That being said, this denial serves as a reminder to the District the crucial piece that had been missing during previous administrations.

First, last year the California Teachers Association (CTA) issued a report, “Lessons From the Classroom: Initial Success for At-Risk Students” . One of the essential components for those schools that were most successful was the willingness of district administration to work with teachers and their unions in order to engage in essential and meaningful collaboration. This meant that most of the decisions made were site based driven and not driven from the top.

As many of you know, there has long permeated in this district an unwillingness to engage in meaningful collaboration and an outright refusal to work with the union in order to make working and learning conditions better for our students and teachers.

Second, one of the arguments that the District made in order to try to secure the waiver for QEIA funding was the lack of stability at school sites. It was argued that this instability had a severe impact on their ability to meet the API goals for QEIA. While VEA recognizes that none of us could have imagined the severe economic impact of this recession, let it be said that were a couple of options that the HR Department could have chosen in order to mitigate the instability.

For instance, VCUSD could have used the language in Ed. Code that allows for “skipping” any unit member that had received specialized training and/or is providing specialized services. This is the language that districts across the state of California use in order to “skip” special education teachers and more significantly, it is the language they used to “skip” our colleagues who teach at Vallejo Charter School. While VEA recognizes that this option is controversial, it is still an option available to the District through Ed. Code.

When the District chose to ignore this route, they also made the unfortunate decision to not work with VEA when it came time to bring people back from the rehire list. Instead, the HR Department made the decision that when people were brought back, they would be placed wherever they had an opening for them. Some of our teachers who had only taught primary, now suddenly found themselves teaching at the middle school and conversely some of those who had only taught middle school, now found themselves teaching elementary. No one, except for VEA, thought it was prudent to ask teachers what they wanted.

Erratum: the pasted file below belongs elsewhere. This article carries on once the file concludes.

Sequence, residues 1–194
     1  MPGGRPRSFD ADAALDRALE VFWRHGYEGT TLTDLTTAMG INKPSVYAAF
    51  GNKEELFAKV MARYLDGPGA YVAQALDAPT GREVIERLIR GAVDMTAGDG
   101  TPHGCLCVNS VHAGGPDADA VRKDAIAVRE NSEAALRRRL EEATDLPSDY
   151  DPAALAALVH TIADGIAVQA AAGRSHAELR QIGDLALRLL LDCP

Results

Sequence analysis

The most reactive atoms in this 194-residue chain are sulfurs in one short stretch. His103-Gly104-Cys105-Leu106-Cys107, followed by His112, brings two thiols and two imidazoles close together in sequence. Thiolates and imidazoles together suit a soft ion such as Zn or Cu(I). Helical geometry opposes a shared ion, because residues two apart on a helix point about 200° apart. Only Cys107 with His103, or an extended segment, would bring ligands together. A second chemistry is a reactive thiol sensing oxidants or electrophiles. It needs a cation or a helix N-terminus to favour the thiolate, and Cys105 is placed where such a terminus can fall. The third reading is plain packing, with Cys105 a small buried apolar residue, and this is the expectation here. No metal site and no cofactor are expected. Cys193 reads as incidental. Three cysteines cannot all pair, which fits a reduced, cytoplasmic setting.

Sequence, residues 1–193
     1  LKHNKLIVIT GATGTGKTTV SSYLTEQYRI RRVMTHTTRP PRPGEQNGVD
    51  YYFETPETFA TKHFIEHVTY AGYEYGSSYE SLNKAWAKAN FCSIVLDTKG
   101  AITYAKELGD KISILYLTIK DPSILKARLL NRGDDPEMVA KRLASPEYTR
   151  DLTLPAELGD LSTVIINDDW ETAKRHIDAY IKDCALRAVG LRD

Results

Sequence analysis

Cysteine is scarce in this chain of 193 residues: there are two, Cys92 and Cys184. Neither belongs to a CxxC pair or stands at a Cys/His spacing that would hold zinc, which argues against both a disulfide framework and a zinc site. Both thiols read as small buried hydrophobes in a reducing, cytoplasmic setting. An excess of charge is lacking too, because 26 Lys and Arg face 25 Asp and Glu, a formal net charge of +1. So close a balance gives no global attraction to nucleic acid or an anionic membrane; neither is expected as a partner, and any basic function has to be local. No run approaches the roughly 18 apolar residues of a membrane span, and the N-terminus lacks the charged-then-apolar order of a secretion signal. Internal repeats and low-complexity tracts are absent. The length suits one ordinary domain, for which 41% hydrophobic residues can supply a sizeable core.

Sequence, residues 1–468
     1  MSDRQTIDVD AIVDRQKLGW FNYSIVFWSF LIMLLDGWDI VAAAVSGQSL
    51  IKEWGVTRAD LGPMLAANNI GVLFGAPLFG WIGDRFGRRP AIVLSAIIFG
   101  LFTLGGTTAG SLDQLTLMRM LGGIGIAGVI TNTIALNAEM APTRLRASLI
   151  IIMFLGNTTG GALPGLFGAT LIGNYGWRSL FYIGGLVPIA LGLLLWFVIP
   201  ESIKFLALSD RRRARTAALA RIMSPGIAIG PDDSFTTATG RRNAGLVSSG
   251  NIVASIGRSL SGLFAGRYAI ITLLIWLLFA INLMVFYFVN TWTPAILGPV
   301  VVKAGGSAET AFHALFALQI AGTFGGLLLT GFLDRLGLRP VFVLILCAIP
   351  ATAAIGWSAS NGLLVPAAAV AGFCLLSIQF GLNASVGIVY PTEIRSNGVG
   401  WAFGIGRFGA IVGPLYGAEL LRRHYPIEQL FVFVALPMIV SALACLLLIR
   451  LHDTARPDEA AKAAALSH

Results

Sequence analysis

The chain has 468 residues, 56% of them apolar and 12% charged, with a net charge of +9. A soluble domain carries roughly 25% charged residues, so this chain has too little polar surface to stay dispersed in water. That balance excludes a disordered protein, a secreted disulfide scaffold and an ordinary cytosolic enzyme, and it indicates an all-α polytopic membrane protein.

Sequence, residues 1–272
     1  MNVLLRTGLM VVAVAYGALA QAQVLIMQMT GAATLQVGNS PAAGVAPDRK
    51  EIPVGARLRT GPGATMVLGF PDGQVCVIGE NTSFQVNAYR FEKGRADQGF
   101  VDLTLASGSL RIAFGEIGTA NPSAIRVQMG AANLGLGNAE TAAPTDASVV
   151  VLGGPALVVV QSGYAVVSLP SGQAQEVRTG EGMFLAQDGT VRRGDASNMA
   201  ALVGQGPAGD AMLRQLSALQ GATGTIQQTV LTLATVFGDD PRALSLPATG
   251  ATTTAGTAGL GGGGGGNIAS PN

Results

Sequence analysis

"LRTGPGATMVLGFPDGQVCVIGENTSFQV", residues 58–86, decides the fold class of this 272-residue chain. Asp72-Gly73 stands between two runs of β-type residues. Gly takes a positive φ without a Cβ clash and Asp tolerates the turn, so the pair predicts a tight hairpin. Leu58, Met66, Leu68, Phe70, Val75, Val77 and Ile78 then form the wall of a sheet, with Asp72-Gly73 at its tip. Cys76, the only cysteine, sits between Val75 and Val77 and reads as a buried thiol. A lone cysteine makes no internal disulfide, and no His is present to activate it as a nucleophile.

At Cooper, this meant a significant change in their staff at the start of the 2009 school year, where they saw 9 brand new teachers out of a staff of 28.

When I spoke to the CSBE on Wednesday, I expressed that I was cautiously optimistic. VEA has often fought for maintaining stability at our school sites when possible. This is because we believe that through stability, long-standing, trusting relationships are developed and built upon. This stability transmits to our students, which ultimately leads to our students performing at the very best of their abilities.

If we are all truly here for the kids, then it is of absolute importance that we work together.

School Site Safety: A concern for students, teachers, and staff

On Thursday, November 3rd, the teachers at Steffan Manor took a courageous step. After a student brought a hammer to school and threatened the teacher with it, the student was suspended for three days. The student was supposed to return to the same classroom where the assault occurred. The teachers decided together that parents at this school site needed to be aware that the safety of their students could be endangered unless the district took action. They urged parents at this school to contact Superintendent Ramona Bishop.

Instead of engaging in conversation with the teachers at Steffan Manor, the district has decided to scapegoat them. First, it appears that someone contacted a well-known community activist who stated that the teachers violated this student’s civil rights. Second, Superintendent Bishop was only willing to meet with the teacher directly involved in this incident. No conversation with the other teachers at the school site regarding school site safety has occurred. Third, at the November 16th VCUSD School Board, Dr. LaTonya Derbigny presented information on the suspension and expulsion rates for the district. At this meeting, teachers were scapegoated once again. School board members made outrageous claims that teachers were writing referrals “for their convenience” or “because they were in a bad mood.” Adding insult to injury, Dr. Derbigny turned to the reporter for the Vallejo Times Herald and demanded that he put in the paper that “teachers are lying when they say the district is not suspending or expelling students.”

VEA is hosting a forum “School Site Safety: Silent No More.” We can no longer stand on the sidelines while the district and school board members vilify our colleagues in a public forum. We are urging ALL VEA members to attend this event in order to develop a plan of action on school site safety.

In order for this district to “attract and retain quality educators” (a district goal), they need to start by listening to us about our concerns regarding the safety of our campuses. Our students deserve campuses that are safe and free from threats of violence in order to ensure their civil rights to a quality education.

School Site Safety Forum “Silent No More”
Hogan Middle School Theater
4:00 to 6:00 p.m.
December 8th, 2011

An injury to one is an injury to all!